No, that’s not sarcasm. It might sound strange, but I’m not a big fan of daylight. I prefer whatever subdues the sun’s glare, be it the night or a thick, ominous blanket of clouds. At night, shadows wash over everything, obscuring details, blending and softening the world’s harsh edges. Everything grows quiet in those early hours before dawn, when most night-owls have finally turned in and the early risers are yet to venture forth. The darkness is energizing. There’s virtually no one out and about, and it’s a great time to recharge, to really think, without distraction or interruption. I can walk the darkened streets without encountering a single soul. Only a rare, intermittent car passes and I step back, unseen as my dark attire blends with the roadside shadows. I can be invisible.

Rain has a similar effect. It keeps people indoors, and if they do venture out, it’s with heads ducked down as they dodge puddles and scurry from one doorway to another, or hunch beneath umbrellas and hoods. People pay less mind to those around them. Sunny summer days, on the other hand, draw most people out. They raise their faces to the sun’s warmth, they look around…they interact. And for a textbook introvert like myself, someone who for the most part avoids interaction and cherishes solitude, sunny days can be downright exhausting.

If any of this sounds reminiscent of a certain character in my stories, there’s good reason. Many of our characters draw upon pieces of who we are. Left to my own devices, I likely would have shifted to a nocturnal schedule years ago. I could turn this into a discussion regarding the nuances of an introverted personality, but there are already plenty of excellent discussions on that topic, such as this one. It suffices to say, a nice stormy day like today is my idea of perfect.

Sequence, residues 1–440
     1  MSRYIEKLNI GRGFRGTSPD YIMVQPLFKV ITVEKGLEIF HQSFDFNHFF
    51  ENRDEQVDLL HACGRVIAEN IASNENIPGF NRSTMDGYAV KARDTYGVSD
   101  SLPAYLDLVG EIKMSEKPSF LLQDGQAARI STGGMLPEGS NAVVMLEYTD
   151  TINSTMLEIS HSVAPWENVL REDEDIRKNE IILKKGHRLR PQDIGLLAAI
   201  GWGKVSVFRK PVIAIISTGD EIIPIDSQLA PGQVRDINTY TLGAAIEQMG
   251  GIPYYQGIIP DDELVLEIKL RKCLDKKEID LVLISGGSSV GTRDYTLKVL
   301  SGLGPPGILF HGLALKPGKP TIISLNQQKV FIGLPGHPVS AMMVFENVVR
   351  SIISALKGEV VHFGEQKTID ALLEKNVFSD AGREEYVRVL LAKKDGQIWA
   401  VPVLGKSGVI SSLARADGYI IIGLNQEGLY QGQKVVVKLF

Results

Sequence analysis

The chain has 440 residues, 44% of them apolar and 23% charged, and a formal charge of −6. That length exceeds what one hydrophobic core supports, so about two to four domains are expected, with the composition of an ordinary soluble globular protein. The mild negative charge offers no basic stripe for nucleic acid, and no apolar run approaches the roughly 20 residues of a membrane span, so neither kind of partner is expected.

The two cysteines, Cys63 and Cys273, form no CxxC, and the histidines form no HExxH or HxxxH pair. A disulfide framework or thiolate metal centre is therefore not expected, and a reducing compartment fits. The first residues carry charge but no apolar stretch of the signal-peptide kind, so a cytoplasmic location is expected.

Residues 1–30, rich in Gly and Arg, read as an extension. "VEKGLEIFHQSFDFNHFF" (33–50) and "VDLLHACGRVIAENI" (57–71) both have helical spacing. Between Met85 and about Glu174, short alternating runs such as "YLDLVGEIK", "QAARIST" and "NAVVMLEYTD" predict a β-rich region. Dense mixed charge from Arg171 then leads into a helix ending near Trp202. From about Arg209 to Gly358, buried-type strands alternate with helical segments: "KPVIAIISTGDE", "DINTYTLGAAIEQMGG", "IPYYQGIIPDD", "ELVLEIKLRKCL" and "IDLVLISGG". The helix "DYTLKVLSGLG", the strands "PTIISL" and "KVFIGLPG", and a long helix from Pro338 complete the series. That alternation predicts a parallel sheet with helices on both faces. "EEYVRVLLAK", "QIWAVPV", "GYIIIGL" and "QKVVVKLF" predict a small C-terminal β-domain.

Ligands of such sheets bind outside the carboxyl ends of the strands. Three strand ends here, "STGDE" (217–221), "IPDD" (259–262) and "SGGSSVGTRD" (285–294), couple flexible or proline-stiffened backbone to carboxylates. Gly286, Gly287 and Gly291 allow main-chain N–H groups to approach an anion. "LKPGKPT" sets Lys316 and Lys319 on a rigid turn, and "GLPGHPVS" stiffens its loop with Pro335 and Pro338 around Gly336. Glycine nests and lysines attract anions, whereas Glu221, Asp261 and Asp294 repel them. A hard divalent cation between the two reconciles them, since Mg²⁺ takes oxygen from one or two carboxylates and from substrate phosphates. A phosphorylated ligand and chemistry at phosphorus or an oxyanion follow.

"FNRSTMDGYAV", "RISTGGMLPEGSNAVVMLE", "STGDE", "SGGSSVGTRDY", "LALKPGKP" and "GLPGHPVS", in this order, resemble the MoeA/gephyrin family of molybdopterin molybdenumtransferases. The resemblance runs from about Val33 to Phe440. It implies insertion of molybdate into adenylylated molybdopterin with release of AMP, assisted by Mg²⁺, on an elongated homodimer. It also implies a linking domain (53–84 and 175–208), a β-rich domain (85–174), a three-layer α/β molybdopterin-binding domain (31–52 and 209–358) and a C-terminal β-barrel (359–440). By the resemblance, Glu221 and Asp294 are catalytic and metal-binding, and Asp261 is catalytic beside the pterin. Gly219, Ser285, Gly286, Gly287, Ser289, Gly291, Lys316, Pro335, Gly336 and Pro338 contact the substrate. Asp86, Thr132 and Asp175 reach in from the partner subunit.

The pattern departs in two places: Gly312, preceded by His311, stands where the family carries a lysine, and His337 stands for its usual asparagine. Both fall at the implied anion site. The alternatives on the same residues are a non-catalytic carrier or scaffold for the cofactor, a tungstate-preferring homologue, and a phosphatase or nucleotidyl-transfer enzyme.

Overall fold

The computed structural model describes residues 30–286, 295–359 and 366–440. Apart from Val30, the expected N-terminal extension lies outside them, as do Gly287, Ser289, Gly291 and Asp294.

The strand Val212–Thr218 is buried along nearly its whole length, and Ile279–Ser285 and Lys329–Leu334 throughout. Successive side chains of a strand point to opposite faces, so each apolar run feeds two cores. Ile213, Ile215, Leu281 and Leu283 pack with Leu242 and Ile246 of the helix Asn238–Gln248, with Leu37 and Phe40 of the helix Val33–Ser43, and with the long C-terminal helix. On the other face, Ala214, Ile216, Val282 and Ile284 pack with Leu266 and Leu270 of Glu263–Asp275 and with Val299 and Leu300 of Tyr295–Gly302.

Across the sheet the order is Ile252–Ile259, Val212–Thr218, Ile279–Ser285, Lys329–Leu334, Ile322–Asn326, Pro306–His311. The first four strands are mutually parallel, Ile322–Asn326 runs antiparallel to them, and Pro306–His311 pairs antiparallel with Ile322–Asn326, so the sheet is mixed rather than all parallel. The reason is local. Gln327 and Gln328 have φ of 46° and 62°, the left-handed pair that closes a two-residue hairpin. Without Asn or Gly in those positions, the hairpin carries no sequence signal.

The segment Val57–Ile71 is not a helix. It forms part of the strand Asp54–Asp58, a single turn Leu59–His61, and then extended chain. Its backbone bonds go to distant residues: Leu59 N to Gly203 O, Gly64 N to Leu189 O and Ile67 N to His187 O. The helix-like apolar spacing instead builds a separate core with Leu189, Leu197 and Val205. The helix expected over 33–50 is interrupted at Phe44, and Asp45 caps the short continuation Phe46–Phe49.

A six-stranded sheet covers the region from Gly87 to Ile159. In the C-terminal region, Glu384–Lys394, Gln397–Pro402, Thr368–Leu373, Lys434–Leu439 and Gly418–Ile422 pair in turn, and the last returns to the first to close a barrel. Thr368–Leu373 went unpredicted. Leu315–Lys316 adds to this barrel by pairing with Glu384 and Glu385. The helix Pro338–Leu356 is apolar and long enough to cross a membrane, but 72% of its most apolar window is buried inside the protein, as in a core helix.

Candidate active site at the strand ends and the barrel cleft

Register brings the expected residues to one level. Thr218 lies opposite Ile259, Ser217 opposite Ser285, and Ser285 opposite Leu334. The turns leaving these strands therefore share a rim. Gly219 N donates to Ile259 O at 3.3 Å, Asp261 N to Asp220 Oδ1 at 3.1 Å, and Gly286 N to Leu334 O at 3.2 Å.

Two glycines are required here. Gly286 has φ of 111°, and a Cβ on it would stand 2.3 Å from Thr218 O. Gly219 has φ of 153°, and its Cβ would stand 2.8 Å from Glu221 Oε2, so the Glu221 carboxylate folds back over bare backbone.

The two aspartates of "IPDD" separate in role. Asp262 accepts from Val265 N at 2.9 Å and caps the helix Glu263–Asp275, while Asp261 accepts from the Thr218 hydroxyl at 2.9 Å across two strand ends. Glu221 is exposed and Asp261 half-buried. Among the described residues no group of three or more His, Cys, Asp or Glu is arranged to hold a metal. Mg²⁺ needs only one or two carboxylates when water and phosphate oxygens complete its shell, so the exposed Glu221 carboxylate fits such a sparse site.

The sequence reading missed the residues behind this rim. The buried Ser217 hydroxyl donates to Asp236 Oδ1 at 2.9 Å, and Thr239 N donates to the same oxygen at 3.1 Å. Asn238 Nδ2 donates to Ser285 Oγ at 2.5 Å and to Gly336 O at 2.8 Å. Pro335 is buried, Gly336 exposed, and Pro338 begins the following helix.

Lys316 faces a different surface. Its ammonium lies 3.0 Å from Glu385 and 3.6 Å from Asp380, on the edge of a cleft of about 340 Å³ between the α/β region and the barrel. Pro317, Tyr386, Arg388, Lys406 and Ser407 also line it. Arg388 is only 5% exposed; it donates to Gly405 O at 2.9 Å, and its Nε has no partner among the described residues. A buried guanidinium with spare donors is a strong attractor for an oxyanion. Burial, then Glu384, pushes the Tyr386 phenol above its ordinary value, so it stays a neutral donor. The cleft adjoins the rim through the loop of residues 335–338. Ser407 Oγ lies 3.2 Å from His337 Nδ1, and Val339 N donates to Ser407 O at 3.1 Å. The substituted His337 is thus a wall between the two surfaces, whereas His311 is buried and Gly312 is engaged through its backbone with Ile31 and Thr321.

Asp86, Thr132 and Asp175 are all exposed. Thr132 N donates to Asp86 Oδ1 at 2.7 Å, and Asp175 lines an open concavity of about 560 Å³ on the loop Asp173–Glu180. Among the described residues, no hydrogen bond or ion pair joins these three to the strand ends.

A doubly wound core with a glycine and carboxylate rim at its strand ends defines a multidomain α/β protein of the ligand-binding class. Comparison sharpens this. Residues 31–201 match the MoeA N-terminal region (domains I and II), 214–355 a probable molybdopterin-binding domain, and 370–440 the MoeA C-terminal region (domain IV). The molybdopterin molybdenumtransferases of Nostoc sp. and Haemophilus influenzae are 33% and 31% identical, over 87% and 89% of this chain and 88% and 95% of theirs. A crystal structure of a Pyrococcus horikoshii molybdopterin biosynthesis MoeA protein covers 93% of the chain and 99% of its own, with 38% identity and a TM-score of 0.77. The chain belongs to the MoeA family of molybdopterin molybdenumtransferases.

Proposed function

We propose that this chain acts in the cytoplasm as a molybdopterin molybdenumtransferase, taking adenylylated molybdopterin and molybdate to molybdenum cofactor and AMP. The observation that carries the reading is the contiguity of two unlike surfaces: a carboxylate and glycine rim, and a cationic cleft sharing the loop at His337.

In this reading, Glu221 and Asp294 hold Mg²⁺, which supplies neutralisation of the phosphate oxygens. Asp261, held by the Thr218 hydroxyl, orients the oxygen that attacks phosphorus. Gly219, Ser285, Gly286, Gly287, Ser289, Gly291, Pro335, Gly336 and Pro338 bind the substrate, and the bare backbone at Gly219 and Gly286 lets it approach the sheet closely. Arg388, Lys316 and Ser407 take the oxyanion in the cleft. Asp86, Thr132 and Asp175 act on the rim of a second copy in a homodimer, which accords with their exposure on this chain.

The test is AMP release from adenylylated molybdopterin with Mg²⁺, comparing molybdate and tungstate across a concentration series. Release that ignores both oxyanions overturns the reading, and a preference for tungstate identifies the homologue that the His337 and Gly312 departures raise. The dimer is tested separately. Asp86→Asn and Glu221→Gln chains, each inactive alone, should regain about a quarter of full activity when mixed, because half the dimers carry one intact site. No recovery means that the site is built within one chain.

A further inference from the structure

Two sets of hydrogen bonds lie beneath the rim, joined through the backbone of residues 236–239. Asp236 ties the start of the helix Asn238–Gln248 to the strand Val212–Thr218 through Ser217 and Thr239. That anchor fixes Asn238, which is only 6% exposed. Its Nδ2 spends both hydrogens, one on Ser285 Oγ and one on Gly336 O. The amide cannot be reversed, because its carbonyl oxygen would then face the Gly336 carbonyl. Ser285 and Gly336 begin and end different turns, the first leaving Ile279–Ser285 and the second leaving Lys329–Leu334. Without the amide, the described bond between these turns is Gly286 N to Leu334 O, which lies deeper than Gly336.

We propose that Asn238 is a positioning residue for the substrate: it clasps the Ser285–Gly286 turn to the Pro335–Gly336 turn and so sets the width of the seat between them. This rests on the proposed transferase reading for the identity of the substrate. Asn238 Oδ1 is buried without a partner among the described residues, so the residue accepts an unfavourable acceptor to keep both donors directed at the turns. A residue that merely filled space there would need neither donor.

Please stand by…

I’d meant to post something yesterday and today, but things got hectic. I did, however, post to Write on the Water yesterday, so for anyone who missed it, here’s How did you guess?

It’s the weekend, which means another round of limited internet access and itchy fiberglass/epoxy fun. With luck, by Monday I’ll have some interesting pictures to post and the interior structure of the cabin will be complete at long last.

Just when you thought it was safe to go back in the water…

Once this burns off, we’re in for a hazy, hot, icky, sticky day.

You’ll all forgive me but with far too busy of a schedule today, I’m reposting a previous post from Write on the Water. I was discussing this very topic with a friend only yesterday, how, as the thermometer climbs to unpleasant heights, more than anything, I’d love to take a nice, refreshing dive into the Hudson.Yes, the Hudson River.

I know. People hear ‘Hudson River’ and they immediately imagine a stew of sewage and toxic waste, with mobster disposals, tires and God only knows what else floating in on the tide. But thanks to the efforts of the kind folks at Clearwater and Riverkeeper, along with countless other grass-roots environmental groups, the Hudson is a vibrant and healthy river, alive with blue crabs, record-setting striped bass, sturgeon, eels, and even sharks. During the winter it’s not unusual to see seals frolicking and basking on the vacant docks while bald eagles nest on the cliffs, osprey plunge down for fish, cormorants crowd the rocks and night herons patrol the shores. Occasionally deer decide the grass is greener on the other bank and you’ll see them swimming across. Foxes and coyotes are not uncommon, and Bear Mountain lives up to its name. But those unfamiliar with the area look at the brownish water, murky with natural silt in the same way as the Mississippi, and assume the coloration equals pollution. But I’ve long known, it’s some of the best swimming water you could imagine.